#define is preprocessor directive - it literally tells the preprocessor to replace n with 10 . const is actual C++ - it says that n is a constant of type int that is assigned the value 10. They'll do about the same thing, but are used for different reasons. In this case, n is a horrible choice for the variable name if #define is used because it could allow the preprocessor to insert 10's where you didn't mean for them to be. Another strike against the preprocessor is that it will define the constant globally - where as const follows scope restrictions native to C++.
1. Type Checking:- macros are not type safe where as const are type safe. since the macros are replaced by definition at the time of preprocessing (which is done before compilation). the storage area of macros is not defined where as const has static storage area.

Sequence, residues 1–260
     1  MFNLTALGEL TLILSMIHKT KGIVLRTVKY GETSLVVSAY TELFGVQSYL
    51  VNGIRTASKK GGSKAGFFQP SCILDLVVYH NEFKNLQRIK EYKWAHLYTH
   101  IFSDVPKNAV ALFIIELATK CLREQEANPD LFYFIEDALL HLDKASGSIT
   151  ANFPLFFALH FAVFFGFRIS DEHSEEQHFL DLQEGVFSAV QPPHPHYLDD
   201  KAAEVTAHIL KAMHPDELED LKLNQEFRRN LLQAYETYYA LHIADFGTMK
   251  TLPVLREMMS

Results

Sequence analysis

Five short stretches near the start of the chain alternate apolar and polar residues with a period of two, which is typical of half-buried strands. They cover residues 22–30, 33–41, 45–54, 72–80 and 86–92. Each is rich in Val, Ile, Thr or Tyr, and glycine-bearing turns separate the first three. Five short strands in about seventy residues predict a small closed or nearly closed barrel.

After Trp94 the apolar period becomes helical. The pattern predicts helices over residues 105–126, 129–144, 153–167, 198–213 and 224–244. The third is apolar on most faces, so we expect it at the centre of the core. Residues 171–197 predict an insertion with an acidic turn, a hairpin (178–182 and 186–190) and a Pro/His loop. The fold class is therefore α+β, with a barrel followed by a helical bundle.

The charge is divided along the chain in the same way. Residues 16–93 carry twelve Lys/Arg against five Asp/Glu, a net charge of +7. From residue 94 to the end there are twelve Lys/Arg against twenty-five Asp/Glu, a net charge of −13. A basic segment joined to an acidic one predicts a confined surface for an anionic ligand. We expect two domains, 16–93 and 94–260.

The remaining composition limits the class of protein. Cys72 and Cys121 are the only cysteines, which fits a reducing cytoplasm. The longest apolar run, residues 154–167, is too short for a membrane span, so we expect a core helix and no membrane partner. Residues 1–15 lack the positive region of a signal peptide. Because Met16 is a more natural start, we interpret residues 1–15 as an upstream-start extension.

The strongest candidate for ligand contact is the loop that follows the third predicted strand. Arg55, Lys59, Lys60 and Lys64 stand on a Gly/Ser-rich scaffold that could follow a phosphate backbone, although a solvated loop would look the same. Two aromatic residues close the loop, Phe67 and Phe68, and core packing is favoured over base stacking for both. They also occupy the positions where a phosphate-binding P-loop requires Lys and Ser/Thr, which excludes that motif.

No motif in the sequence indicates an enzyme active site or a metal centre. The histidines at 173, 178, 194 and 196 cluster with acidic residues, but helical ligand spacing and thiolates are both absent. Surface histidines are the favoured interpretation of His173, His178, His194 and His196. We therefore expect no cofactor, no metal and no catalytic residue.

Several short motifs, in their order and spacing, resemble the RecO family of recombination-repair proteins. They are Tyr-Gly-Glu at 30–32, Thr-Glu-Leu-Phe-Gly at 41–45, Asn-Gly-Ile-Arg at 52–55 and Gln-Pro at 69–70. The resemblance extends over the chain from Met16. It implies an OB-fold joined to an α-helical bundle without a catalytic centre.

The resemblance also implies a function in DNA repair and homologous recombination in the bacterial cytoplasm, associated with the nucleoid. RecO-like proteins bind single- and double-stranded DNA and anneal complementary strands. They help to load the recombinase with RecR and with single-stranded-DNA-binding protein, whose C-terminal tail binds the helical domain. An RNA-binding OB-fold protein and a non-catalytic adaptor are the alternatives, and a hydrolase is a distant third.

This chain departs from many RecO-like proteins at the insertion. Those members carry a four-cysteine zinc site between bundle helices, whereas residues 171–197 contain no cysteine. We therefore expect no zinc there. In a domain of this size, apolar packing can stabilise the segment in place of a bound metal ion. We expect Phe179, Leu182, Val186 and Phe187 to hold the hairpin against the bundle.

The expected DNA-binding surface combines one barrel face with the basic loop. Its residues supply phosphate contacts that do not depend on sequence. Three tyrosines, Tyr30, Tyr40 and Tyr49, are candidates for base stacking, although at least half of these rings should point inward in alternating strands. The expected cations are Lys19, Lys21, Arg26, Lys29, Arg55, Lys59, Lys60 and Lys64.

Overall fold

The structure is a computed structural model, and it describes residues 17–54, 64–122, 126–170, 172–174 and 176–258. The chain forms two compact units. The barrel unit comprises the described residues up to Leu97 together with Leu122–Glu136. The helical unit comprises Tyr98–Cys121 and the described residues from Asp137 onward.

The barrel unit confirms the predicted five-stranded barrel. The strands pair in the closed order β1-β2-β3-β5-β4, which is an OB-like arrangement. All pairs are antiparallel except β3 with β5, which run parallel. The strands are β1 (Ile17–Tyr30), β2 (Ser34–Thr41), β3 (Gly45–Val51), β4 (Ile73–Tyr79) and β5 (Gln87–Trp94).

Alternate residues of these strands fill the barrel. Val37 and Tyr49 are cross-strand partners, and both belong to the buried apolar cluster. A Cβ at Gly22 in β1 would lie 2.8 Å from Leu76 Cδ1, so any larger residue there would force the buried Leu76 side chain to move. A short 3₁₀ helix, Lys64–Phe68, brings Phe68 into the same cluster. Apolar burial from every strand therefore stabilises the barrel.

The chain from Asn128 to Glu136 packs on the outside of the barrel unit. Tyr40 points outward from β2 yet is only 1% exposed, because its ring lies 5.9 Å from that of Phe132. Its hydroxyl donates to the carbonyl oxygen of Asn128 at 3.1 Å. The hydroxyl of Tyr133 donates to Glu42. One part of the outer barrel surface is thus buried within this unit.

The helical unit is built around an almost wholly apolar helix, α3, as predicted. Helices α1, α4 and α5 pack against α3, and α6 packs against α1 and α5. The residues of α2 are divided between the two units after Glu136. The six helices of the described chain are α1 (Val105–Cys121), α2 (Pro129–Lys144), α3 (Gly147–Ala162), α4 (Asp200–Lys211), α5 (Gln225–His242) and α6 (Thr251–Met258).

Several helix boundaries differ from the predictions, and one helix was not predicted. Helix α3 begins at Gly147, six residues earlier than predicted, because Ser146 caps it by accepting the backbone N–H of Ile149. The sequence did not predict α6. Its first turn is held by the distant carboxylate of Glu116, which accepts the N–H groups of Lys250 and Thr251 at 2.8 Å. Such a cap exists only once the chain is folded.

#define n 10
int main ()
// what would be the behavior of the below code.
2. macros are error prune
for example the below code
#define max(a,b) ((a>b)?a:b)
int main ()
int a = 2;
int b = 3;
check the above code. the proper solution to above is to use templates rather than macros for specifying generic operatoins.
[see. Effective C++ for more details.].
so the conclusion is that use consts & templates where necessary don't use macros. :).
#define A 3// name a constant
long int booking_ID ; ...